U of M ramping up security after campus crime spike

U of M attempted robbery
In this file photo, a University of Minnesota police vehicle is parked outside Anderson Hall at the University of Minnesota, Minneapolis campus, Monday afternoon, Nov. 11, 2013.
AP Photo/The Star Tribune, Jeffrey Wheeler

The University of Minnesota is increasing security after a rash of campus-related crime this school year.

But university officials also want students to be more vigilant.

With that in mind, when the spring semester started today, University Police Chief Greg Hestness welcomed students back at Coffman Memorial Union with donuts, coffee and a message about staying safe.

"It's not a matter of blaming the victim," said Hestness, who leads a 50-officer campus police force. "It's that we get a new 25 percent of our student body every year. It's pretty much constantly re-educating them. They need to look out for themselves as well. They need to think about their surroundings."

So far this school year, police have issued 17 crime alerts around the U, including warnings about sexual assaults, robberies and a suspected gunman on campus. That's prompted public concern and a state Senate committee hearing.

In response, the university added three officers who on weekends will pay particular attention to the hours between 9:30 p.m. and 3 a.m. It also is extending hours of shuttle bus services and rolling out key-card access to all university buildings.

The university also is adding dozens of student staff to its Security Monitor program and installing 46 new cameras to the about 1,700 watching the Twin Cities campuses now.

"What we'd like to do is establish a perimeter around campus with surveillance, as well as our main traffic areas through campus, but then knit that together, with other things like the cameras on Cedar Riverside that the city has, the MnDOT cameras," Hestness said. "We have some traffic cameras. Some of the new property developers — we've talked to them about their surveillance system.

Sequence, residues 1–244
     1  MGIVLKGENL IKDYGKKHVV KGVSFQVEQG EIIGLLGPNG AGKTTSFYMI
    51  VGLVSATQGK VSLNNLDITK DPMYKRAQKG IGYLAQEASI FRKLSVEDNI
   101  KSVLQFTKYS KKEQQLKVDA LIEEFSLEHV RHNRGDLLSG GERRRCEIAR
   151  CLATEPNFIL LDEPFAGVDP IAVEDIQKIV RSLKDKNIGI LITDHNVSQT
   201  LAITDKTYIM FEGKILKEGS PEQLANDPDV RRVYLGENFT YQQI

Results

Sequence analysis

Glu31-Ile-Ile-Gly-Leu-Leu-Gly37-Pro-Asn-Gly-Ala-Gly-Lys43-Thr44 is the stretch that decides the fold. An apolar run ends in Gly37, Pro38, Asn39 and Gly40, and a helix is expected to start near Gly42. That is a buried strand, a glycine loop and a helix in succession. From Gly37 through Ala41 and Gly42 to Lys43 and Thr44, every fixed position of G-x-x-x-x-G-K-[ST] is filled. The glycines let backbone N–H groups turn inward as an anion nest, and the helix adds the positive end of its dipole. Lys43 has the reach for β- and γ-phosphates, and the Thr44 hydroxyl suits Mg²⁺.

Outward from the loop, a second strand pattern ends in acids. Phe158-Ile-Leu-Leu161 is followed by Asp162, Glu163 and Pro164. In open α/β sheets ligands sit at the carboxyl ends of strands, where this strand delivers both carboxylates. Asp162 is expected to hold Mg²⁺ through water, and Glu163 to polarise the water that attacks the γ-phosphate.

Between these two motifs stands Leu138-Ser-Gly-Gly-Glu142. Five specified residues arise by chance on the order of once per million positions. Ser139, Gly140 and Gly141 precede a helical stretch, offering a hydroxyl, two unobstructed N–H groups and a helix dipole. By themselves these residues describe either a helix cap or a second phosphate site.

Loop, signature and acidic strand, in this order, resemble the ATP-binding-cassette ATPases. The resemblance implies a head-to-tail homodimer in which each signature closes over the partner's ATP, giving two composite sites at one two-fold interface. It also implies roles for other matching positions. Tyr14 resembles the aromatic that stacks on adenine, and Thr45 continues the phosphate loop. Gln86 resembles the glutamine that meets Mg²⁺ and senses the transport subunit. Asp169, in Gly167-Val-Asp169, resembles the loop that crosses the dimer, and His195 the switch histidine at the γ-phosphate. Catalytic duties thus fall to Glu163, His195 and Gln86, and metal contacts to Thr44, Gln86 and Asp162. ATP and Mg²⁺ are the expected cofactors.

But university officials hope the most effective changes will come from students. They want students to think ahead about getting around safely, to use public transportation and tap into existing services. The university offers 24-hour walk and bike escort services, and the Gopher Chauffeur program, a free door-to-door campus transportation service for the campus community.

"When we talk about educating students, in partnership with the student organizations and the police officers, we've done walk-throughs through our residence halls to remind them — don't walk alone," said Pam Wheelock, vice president for university services. "When something happens, call 911, and don't let your friends walk alone."

Lydia Veeder, a graduate student studying physical therapy, welcomed the changes, including better lighting around campus.

"I think it's a good idea," she said. "I mean there's a lot of areas on campus, that maybe aren't very well lit, and I think if there's more of a police presence later at night, especially when kids are walking home from the library, from the gym, it's going to deter criminals, I think, off-campus."

But like others, Veeder wonders if fears of a crime wave are based on perceptions. Federal law requires colleges and universities to report crimes more publicly than cities, counties or other major public institutions.

"The only reason people think it's more dangerous is because we get those alerts, you know, every time something happens," she said. "It happens everywhere else. We just don't get notifications on our email like we do on campus."

University officials say they'll also be taking some further steps as the spring semester goes on. They're going to convert all campus buildings to electronic key-card access to better control who comes and goes, particularly outside of regular business hours.

President Eric Kaler is planning a town hall meeting with students to talk about safety and security issues. The university also is planning a forum on racial profiling and how to address it.

U of M officials also say they're going to advocate for proposed legislation for so-called kill switches on cell phones that can make them inoperable if they're stolen. Police said iPhones and other smart phones are among the main targets of on-campus crime.

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